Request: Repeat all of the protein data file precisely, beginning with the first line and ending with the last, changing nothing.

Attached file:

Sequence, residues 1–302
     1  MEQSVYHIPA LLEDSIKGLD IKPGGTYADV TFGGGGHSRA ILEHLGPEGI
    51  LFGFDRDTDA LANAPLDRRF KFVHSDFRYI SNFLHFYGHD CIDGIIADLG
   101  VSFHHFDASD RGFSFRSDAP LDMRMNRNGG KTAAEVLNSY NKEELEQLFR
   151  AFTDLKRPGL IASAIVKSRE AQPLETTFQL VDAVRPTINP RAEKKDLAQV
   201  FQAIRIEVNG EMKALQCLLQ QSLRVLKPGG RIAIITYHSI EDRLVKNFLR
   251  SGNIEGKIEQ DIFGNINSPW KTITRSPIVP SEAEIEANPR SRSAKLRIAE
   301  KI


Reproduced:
Sequence, residues 1–302
     1  MEQSVYHIPA LLEDSIKGLD IKPGGTYADV TFGGGGHSRA ILEHLGPEGI
    51  LFGFDRDTDA LANAPLDRRF KFVHSDFRYI SNFLHFYGHD CIDGIIADLG
   101  VSFHHFDASD RGFSFRSDAP LDMRMNRNGG KTAAEVLNSY NKEELEQLFR
   151  AFTDLKRPGL IASAIVKSRE AQPLETTFQL VDAVRPTINP RAEKKDLAQV
   201  FQAIRIEVNG EMKALQCLLQ QSLRVLKPGG RIAIITYHSI EDRLVKNFLR
   251  SGNIEGKIEQ DIFGNINSPW KTITRSPIVP SEAEIEANPR SRSAKLRIAE
   301  KI